Now, I mentioned I hate kids earlier, so of course that’s going to be one of the things I dislike about this show. Children are dumb, and not in the good way that makes you laugh because of how dumb it is, or in a way that we call something dumb when we really mean absurd but are at a loss for words because of how dumb it is. No, children are just plain stupid and their problems are meaningless. I speak in a general sense which in a way might be seem problematic, but I don’t see a children’s rights movement going on anytime soon because they’re too busy eating their boogers and spending their parent’s money on in-app purchases when they frequently borrow their iPhones to play shitty, free-to-play mobile games. Where was I going with this? Oh yeah, let’s just say in a general sense that children suck, with maybe a few outliers here and there (I actually do like it when children are written with intelligence and are made much wittier and more mature than would normally be the expected). Childhood drama is the dumbest waste of time you could possibly subject me to. “He called me a thief even though I didn’t steal anything, yet I still cried about it” was an actual thing that happened in this show (I’m paraphrasing of course). The point is, children worry about the stupidest thing. I do like the parenthood aspect of the show, but I guess you can’t have that without a childhood parts as well.

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Finally, my last gripe with this show (so far): Kotori is way too innocent. She’s in high school, hanging out with some handsome, distinguished, single, older man, and all she can think about is food? I call bullshit. Have a crush on the cute, nice assistant teacher. It’s the right thing to do. And even if you don’t, find something that makes you an individual. Sure, she likes cooking, but we don’t see her practicing her hobby except when she’s with the others. Her love of food is presented in a less than organic fashion when she comments on everything she eats; like the movie popcorn she ate during the intro to episode 5. If she’s thinking about food all the time then she might be obsessed, which would be fine if her thoughts matched her actions. She should be cooking whenever she can and be able to overcome her silly fear of kitchen knives. Instead, she’s lonely but not really as sad about it as she was from the first episode. Kotori has one friend, and she’s almost as dull. Look, just have an impure thought every once in a while. It won’t kill you.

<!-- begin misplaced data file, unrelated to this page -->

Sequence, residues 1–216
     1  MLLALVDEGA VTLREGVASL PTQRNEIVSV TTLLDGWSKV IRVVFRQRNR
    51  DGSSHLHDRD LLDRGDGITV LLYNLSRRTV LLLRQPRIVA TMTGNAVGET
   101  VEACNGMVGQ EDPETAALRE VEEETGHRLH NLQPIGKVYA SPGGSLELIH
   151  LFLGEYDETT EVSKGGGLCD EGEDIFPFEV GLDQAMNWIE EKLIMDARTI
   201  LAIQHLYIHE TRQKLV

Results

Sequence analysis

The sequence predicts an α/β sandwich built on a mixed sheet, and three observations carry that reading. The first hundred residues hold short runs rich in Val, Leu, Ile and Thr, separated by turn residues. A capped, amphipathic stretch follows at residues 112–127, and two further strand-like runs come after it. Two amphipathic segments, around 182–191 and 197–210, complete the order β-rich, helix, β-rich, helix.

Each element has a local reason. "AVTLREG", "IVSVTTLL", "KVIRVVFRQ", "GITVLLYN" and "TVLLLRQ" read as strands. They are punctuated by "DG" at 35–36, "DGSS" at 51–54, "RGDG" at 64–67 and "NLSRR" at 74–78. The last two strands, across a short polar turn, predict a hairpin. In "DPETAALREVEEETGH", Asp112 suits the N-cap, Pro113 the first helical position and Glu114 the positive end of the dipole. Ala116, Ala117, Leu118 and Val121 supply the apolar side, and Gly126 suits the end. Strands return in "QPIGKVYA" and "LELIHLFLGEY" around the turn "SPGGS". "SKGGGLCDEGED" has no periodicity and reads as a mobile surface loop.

Conclusion

I guess the cons kind of outweigh the pros, yet I’m still finding it hard to drop this show completely. At the very least, it gives me some nice recipe ideas. Well, what do you think about Sweetness & Lightning? Do you think I’m crazy for not loving it, or are you more or less in the same boat as I am? And most importantly, do you hate kids? Why or why not? Please leave your comments down below and thanks for reading.

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3 thoughts on “A Mixed Bag – Thoughts On Sweetness & Lightning

  1. I dropped this after a few epiosdes, not because it was bad but because it was just too sweet for my tastes. For people after adorable single father with adorable child meet equally adorable high school girl and all learn how to cook, it does that well, but it isn’t my thing so I moved on.

    Liked by 1 person

  2. The Anime Elitist :^D says:

    “She’s in high school, hanging out with some handsome, distinguished, single, older man, and all she can think about is food? I call bullshit.”
    Have you ever been in high school?

    Liked by 1 person